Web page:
Burma

Ta’ang Rights Group Blames Myanmar Military for Targeting Civilians

By Lei Lei 10 January 2020

Yangon – More than 200 residents experienced human rights abuses in seven Ta’ang ethnic-majority townships in northern Shan State in 2019, according to Lway Chesanga, the spokeswoman for the Ta’ang Women’s Organization (TWO).

The organization said villagers suffered from artillery strikes targeting civilian areas and were killed or injured by landmines. They were also abducted, held hostage, used as forced forest guides, tortured, killed and had their homes looted.

Most of the human rights abuses were reported in Kutkai, Namhsan, Kyaukme and Hsipaw townships, with a few reported in Namkham, Namtu and Mantong townships, the TWO said.

“Overall, around 250 people suffered from human rights abuses. Some died, some can no longer work and some went missing,” Lway Chesanga told The Irrawaddy.

Rape cases were not included because they were difficult to confirm due to limited access to the area, the group said.

The Ta’ang National Liberation Army (TNLA), which is active in the area, is holding talks with the government and Myanmar’s military over a possible ceasefire agreement together with its allies, the Kachin Independence Army, Myanmar National Democratic Alliance Army (MNDAA) and Arakan Army (AA).

However, the Tatmadaw or military has refused to recognize TNLA, MNDAA and AA territory and ceasefire agreements are unlikely while clashes continue.

The three groups, citing Myanmar’s military offensives on them, attacked several targets, including the Defense Services Technological Academy in Pyin Oo Lwin Township, Mandalay Region, in August.

They also blew up five bridges in northern Shan State on the trade route to the Chinese border, forcing the Construction Ministry to rebuild them.

More clashes have taken place since November last year.

The numbers of civilians suffering from rights abuses increased from 70 in July to September to 123 in October to December last year, said the TWO.

The organization claimed that homes were looted in clashes and accused Myanmar’s military of committing most of the rights abuses. The Restoration Council of Shan State and Shan State Progress Party are also active in the area.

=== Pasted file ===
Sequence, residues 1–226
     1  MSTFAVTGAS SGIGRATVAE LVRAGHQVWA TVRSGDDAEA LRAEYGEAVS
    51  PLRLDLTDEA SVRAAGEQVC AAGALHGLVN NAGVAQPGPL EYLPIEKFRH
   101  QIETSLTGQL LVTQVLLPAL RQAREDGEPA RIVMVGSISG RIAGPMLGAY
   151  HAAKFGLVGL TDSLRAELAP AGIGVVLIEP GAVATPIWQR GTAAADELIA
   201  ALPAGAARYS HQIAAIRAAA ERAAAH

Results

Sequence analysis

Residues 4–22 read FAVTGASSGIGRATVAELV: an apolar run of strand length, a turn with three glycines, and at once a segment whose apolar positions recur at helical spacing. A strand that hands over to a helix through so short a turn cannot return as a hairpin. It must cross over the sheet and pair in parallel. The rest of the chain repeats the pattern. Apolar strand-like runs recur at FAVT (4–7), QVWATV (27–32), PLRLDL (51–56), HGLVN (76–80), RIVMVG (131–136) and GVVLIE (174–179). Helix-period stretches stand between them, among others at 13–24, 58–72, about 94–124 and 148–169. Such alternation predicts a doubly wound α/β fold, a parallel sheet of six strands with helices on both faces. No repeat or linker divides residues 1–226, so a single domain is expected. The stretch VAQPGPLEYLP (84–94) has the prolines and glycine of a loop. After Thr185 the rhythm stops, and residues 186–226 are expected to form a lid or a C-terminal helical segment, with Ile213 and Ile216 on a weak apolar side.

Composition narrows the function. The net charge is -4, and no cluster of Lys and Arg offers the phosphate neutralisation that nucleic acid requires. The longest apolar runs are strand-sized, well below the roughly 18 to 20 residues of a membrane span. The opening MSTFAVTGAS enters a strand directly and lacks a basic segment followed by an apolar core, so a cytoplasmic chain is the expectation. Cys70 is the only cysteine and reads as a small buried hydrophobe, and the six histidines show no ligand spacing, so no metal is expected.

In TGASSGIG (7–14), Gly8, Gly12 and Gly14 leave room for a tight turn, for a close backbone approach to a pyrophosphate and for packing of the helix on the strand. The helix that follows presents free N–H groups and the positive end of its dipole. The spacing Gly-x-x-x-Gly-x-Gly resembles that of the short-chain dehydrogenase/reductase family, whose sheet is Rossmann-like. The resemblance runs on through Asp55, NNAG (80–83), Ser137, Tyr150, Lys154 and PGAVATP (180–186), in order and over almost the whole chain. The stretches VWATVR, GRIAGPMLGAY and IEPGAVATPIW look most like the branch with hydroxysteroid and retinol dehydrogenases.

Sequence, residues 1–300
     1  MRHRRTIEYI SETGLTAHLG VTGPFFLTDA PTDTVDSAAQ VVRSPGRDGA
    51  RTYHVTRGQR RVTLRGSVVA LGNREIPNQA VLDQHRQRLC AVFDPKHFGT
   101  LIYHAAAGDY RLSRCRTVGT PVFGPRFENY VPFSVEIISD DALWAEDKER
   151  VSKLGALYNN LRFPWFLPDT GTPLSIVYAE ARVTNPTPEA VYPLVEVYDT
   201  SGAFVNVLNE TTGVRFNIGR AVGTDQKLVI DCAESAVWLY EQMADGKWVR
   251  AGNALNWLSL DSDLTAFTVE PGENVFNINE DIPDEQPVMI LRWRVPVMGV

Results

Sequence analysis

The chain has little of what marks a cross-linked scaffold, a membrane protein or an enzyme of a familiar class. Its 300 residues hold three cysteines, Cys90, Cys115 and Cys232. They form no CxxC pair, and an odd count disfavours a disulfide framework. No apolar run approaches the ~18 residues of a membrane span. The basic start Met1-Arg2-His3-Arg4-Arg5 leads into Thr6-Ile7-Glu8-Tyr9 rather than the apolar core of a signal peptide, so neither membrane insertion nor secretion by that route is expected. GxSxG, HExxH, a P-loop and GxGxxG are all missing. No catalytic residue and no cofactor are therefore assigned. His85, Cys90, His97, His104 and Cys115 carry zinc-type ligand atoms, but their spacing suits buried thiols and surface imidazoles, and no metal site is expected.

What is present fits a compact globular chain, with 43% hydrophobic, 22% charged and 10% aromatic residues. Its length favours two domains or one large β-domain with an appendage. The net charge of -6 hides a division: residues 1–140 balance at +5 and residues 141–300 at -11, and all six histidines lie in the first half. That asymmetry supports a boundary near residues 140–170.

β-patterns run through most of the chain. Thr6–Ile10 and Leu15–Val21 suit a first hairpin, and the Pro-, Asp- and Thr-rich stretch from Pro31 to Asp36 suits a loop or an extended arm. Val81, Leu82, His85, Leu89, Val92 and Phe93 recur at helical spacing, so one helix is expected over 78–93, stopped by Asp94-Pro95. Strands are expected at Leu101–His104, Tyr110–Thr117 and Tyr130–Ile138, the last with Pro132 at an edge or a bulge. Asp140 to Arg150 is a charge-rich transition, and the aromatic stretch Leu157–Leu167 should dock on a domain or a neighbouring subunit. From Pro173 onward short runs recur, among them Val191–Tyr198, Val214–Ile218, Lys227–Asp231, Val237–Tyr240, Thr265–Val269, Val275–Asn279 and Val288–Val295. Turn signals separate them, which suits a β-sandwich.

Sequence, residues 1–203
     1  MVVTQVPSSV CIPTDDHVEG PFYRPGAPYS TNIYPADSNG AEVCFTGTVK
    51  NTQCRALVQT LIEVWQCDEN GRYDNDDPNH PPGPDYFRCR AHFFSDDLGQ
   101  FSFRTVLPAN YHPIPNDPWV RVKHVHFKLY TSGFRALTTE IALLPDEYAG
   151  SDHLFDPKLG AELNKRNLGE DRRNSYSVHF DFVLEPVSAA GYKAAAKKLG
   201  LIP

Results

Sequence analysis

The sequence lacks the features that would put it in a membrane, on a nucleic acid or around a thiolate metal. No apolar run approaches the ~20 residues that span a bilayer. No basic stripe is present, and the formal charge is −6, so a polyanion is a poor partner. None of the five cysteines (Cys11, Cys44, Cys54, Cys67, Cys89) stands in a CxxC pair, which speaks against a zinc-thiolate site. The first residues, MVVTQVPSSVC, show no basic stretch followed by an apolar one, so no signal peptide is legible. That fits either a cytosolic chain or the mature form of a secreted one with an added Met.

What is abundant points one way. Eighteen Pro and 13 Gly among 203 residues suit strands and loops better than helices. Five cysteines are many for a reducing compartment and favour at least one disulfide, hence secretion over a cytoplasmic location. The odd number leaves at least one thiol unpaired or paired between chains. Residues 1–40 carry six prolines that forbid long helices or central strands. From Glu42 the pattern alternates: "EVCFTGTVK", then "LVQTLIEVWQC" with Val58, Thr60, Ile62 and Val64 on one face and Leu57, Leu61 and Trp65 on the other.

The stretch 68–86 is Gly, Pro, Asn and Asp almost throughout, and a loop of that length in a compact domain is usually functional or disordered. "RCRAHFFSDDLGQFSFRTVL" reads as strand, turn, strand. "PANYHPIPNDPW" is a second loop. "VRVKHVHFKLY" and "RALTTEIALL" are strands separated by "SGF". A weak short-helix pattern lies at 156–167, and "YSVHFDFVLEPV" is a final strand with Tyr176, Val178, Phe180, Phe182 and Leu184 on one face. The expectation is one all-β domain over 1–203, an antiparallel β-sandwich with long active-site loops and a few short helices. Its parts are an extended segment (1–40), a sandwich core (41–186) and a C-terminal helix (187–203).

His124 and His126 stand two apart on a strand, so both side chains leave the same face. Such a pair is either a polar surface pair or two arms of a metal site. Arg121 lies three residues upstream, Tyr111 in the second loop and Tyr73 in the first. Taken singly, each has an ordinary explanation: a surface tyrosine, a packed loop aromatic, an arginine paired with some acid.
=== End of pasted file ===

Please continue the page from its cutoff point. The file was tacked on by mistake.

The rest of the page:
In Kyaukme Township, numerous tea growers have been killed or lost limbs because of landmines.

U Aung Myo Min, director of human rights organization Equality Myanmar, said: “Human rights violations have increased in conflict areas. The rule of law and the judicial system are too weak to punish perpetrators of human rights violations.”

On Nov. 22 last year, Division 88 of Myanmar’s military briefly abducted 63 residents from Hukhin village-tract in Namhsan Township. The villagers said some were beaten and forced to carry equipment.

A civilian was injured when the TNLA, MNDAA and AA fired rockets at the airport, downtown and a military logistics hub in Lashio in northern Shan State on Nov. 16.

“The situation has got worse and innocent civilians suffer. The insecurity can lead to grave human rights violations. The failure to take action against perpetrators encourages future acts, which is harmful for the country, the judicial system and rule of law,” said U Aung Myo Min.

The TWO said the threat of landmines meant villagers feared farming or sending their children to school.

“The two sides blame each other and justice is barely served in many cases. When people’s trust and reliance in the judicial system declines, it can lead to street justice,” said U Aung Myo Min.

Myanmar is a signatory to the 1949 Geneva Convention, which prohibits targeting civilians or their property.

Translated from Burmese by Thet Ko Ko

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